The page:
Single source arrangements between companies are often a source of stress for management, supply chain and operations personnel on both sides of the table. Provided it is managed intelligently, the relationship can be long-term and beneficial to both parties. But just a little bad luck or poor management by either side, can quickly escalate into a financial catastrophe.
I have had the good fortune to have had roles on both sides of the single source table, first in purchasing, then in management roles. Initially, the challenge is to find a supplier with the knowledge, equipment and interest to provide materials with specifications far in excess of what is currently available in the market. In some instances, I was asked to find suppliers with the capability to manufacture components with tolerances beyond what our own QC department was able to measure. Depending on the complexity of your requirements, this phase can take months and requires travel to candidate sites to audit capabilities and access the flexibility of their organization. Typically, the virtues which brought you to the site were provided by sales and marketing types whose vision of the company exceeds their abilities. Once you sit at the table with those in the know, you quickly learn not only are they not able to provide what you need, they do not have an interest in pursuing it, much to the chagrin of the sales and marketing types.
Eventually you find an organization smaller by magnitudes than your own, led by someone not interested in the status quo who is willing to bend their organization to meet your needs. Often a local vendor is chosen to ensure communication can be instantaneous across all the disciplines involved from engineering to supply chain. The challenge comes at a high price but by now you understand the audience for your needs are very, very small. Initial sample orders are placed and the good suppliers provide the specifications you require, not always in the time line you hoped but they get there. You suspect for every piece you receive, hundreds have been tossed. Gradually trust is built, a relationship is developed and product flows. The effect on their organization is palpable. You are pulling them by their collar up multiple levels of development. Their processes improve, personnel gain knowledge and equipment is updated.
It may seem like a recipe for success for both parties but there are also risks.
Care needs to be taken they don’t become too dependent on you. Markets change and products wane and if you represent more than 30% of their sales, you run the risk of doing terminal damage when orders are delayed or stopped. As well, pressure from your own management to find alternate sources for risk aversion or cost reduction is inevitable. Even if someone, typically engineering, has let it slip they are the single source and may have added theirs is the only company in the world capable of producing what you want, you still have leverage. Armed with the knowledge gained from your current source, you engage in further investigations which at the least provide you the ammunition for cost reductions.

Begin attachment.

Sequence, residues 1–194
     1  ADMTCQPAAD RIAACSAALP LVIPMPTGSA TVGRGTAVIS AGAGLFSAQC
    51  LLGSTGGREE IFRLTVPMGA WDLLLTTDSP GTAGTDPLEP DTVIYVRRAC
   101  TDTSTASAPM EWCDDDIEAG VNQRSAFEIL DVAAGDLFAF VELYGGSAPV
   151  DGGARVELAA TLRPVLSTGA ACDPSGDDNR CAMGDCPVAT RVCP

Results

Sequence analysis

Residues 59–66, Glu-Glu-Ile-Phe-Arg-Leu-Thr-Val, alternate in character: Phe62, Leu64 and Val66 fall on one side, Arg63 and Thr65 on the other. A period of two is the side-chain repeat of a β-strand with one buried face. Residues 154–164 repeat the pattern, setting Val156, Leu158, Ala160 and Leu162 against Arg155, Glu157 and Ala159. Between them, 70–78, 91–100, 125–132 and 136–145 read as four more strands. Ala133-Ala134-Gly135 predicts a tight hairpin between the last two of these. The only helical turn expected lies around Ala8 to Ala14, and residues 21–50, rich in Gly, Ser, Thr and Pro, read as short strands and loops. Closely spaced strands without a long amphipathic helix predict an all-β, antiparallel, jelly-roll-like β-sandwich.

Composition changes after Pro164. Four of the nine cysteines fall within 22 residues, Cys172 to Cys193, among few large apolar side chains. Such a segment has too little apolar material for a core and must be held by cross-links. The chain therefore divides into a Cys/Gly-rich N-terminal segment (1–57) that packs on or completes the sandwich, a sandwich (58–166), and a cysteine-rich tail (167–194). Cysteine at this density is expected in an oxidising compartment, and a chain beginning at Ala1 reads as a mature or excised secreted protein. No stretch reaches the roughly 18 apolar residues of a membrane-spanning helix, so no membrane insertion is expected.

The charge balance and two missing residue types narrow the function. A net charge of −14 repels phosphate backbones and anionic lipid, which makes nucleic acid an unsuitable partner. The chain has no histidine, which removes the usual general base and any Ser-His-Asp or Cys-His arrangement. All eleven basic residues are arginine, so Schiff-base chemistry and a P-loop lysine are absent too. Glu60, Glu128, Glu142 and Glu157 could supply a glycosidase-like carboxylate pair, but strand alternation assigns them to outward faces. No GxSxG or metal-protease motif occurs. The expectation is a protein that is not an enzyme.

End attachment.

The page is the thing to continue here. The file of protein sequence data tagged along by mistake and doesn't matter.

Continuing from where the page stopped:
On the other side of the table, the desire to improve the capabilities of your organization needs to be a driving force. If a company is lucky, it will happen upon a more technically advanced benefactor willing and patient enough to help them increase your capabilities to a level you would never achieve on your own. But the dance looks quite different from the supplier’s side. After an initial contact, a representative from a larger company arrives and after looking suitably unimpressed with the tour, sets out a list of seemingly impossible objectives they would like to meet in an outrageously short time. Even if business is good, you need to consider the opportunity. Few businesses have the luxury of dependable markets which never wane. What you really need to make it work are the right people. Processes can be developed, equipment purchased but without the right people success is unlikely and your potential customer knows it as well.
Single source customers represent a number of issues for a small business. Often they can be the difference between breaking even and making a profit. It is generally understood pricing needs to be set at what the market will bear; but, charge a single source customer too much and you have created a budget for someone to redesign PCB requirements, find a competitor, or worse replace you. The challenge as well is to ensure the company which represents up to 30% of your income doesn’t demand more than the same percentage of your resources. Losing other customers due to neglect will only increase your reliance and vulnerability on a major customer.
Even when both parties are eager to make the relationship work, there are risks. We once single sourced a CNC machining company on the other side of the continent. Product flowed freely until the ice storm of ’98 brought our production to its knees and redoubled our commitment to find local suppliers.
Single sourcing can be very successful but it requires a supplier who doesn’t get too greedy, a customer who doesn’t get too needy and just a little bit of luck.